RB: Is audience extension an example of something that has gotten better for ops?

CL: Certain things, such as audience extension targeting, have become easier; they had to so the industry could grow rapidly, and it continues on that trajectory. Many ops functions have become easier as technology improved and grew more advanced

However, while some of what was once complex has been simplified, a lot of the newer types of targeting, creative type, and enhanced analytics we can extract from data have not yet reached the point where they are easier to tackle. They’re too new or raw, to be actionable in a streamlined way. 

Ops is hard. “If it wasn’t hard, everyone would do it. The hard is what makes it great.” Ok, so I borrowed that quote from “A League of Their Own.” It works.

RB: Give our readers an example of an audience extension campaign.

CL: A few years back, Ford was running ad spots with Derek Jeter in them. Let’s say the Yankees were running these ads on their site. They could have also worked with a system that allows for audience extension targeting to serve more of the Ford ads to Yankees users on other online properties.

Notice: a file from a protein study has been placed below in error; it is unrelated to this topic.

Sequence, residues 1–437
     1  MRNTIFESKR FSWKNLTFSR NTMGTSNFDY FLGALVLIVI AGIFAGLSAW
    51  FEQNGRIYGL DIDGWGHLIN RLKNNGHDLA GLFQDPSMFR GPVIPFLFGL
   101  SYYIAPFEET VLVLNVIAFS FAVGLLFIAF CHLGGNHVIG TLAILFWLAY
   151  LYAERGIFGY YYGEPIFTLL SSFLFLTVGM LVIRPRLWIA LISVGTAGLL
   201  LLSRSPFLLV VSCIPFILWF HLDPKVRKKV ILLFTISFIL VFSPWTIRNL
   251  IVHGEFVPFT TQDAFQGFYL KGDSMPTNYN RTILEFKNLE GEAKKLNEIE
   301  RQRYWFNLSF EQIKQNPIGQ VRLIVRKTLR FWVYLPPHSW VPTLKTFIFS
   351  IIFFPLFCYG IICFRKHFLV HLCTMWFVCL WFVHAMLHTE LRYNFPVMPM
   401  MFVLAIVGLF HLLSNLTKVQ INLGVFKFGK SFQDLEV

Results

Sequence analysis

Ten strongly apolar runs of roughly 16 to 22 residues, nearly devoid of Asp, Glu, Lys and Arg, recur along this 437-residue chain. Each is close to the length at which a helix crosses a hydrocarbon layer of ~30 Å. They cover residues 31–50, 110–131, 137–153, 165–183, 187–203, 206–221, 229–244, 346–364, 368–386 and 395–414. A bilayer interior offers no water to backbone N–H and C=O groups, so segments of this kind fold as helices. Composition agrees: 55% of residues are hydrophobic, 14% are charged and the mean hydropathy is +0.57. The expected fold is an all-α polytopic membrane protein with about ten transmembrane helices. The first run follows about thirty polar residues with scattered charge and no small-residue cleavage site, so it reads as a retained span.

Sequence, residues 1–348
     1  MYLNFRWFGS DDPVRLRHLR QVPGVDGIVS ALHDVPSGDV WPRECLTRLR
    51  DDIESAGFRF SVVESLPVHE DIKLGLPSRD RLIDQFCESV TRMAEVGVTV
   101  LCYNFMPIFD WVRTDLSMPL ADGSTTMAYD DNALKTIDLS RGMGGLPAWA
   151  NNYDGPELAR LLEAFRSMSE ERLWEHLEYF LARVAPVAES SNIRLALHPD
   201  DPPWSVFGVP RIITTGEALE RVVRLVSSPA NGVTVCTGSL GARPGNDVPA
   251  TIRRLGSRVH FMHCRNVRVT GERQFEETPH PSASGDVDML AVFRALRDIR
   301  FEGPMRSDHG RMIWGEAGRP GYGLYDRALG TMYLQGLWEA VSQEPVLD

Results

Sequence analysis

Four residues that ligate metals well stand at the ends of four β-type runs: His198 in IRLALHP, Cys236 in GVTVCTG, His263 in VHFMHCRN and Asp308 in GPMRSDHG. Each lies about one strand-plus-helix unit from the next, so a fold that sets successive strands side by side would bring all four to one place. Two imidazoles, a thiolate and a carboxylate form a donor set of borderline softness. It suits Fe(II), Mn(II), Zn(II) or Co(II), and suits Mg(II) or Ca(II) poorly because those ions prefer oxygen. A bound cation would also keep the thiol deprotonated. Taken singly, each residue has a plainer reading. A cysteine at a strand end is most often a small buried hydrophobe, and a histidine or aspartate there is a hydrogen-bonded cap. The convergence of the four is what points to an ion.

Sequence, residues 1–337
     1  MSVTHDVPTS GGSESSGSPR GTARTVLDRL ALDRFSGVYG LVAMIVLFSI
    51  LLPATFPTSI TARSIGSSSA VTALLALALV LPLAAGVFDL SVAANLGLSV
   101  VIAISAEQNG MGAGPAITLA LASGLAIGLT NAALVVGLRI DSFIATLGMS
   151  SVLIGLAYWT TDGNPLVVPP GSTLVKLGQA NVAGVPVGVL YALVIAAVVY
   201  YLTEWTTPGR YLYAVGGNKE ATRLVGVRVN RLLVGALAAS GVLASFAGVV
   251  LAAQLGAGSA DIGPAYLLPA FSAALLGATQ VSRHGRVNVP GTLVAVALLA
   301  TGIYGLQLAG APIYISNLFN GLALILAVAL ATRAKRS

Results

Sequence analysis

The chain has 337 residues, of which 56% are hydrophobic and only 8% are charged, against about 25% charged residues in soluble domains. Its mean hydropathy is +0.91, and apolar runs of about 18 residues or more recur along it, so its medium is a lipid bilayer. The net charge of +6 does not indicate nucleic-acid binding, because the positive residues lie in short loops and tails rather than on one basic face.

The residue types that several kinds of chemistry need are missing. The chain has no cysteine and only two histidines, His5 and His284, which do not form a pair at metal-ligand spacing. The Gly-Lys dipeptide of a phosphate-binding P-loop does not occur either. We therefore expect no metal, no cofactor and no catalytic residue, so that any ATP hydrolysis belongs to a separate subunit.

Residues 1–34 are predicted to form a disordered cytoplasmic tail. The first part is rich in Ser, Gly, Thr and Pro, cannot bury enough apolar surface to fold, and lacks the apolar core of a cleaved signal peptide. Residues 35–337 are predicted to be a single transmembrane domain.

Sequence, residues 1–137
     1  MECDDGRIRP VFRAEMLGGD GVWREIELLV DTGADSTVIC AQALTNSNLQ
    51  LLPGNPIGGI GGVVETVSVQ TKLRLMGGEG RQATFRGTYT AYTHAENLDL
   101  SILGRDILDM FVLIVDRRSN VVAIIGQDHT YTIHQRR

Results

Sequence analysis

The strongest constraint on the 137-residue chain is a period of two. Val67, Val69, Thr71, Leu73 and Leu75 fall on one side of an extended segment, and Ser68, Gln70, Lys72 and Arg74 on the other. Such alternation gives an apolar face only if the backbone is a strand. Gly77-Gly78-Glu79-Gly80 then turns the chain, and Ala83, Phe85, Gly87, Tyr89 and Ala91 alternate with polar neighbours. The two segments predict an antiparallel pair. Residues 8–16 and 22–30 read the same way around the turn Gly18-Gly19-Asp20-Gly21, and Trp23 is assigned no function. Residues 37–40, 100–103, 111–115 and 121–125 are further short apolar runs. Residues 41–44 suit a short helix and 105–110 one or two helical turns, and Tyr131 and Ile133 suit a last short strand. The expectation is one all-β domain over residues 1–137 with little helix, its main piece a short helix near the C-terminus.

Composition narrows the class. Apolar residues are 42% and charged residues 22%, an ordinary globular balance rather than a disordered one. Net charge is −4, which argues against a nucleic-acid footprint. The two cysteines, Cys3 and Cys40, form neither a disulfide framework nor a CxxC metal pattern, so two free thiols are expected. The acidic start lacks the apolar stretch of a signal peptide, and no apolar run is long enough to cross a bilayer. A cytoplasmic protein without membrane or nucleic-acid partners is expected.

If they wanted to further enhance their targeting, they could have worked with a data service provider to figure out which of their users were also automotive enthusiasts, or automotive purchase intenders, and then targeted those specific users when they were on the Yankees website or via audience extension on other online properties.

RB: Awesome. Audience extension combined with the application of additional data to improve campaign performance for the advertiser. Love it! What’s next? What do you think this will lead to?

CL: Here’s something. Why should publishers only do this for their advertisers? They’re running paid ads on their websites, mobile apps, connected devices, etc, but they’re running their own internal marketing ads too. What if publishers decided to have their ad ops team utilize audience extension targeting to run their own marketing campaigns on other online properties?

Let’s keep going…  Why stop at targeting to their own audience? They could also target their marketing ads via reach extension campaigns (delivering ads to users within similar verticals and audience groups, who might not already be known to the publisher), along with a whole slew of other campaign types.

When publishers really start to adopt this, see how streamlined the process has become for ops to take on their own marketing, and realize how much time and money can be saved by spending at least part of their marketing budget this way… Well, that’s one heck of a game changer. “Oh the times, they are a [DISRUPTING].”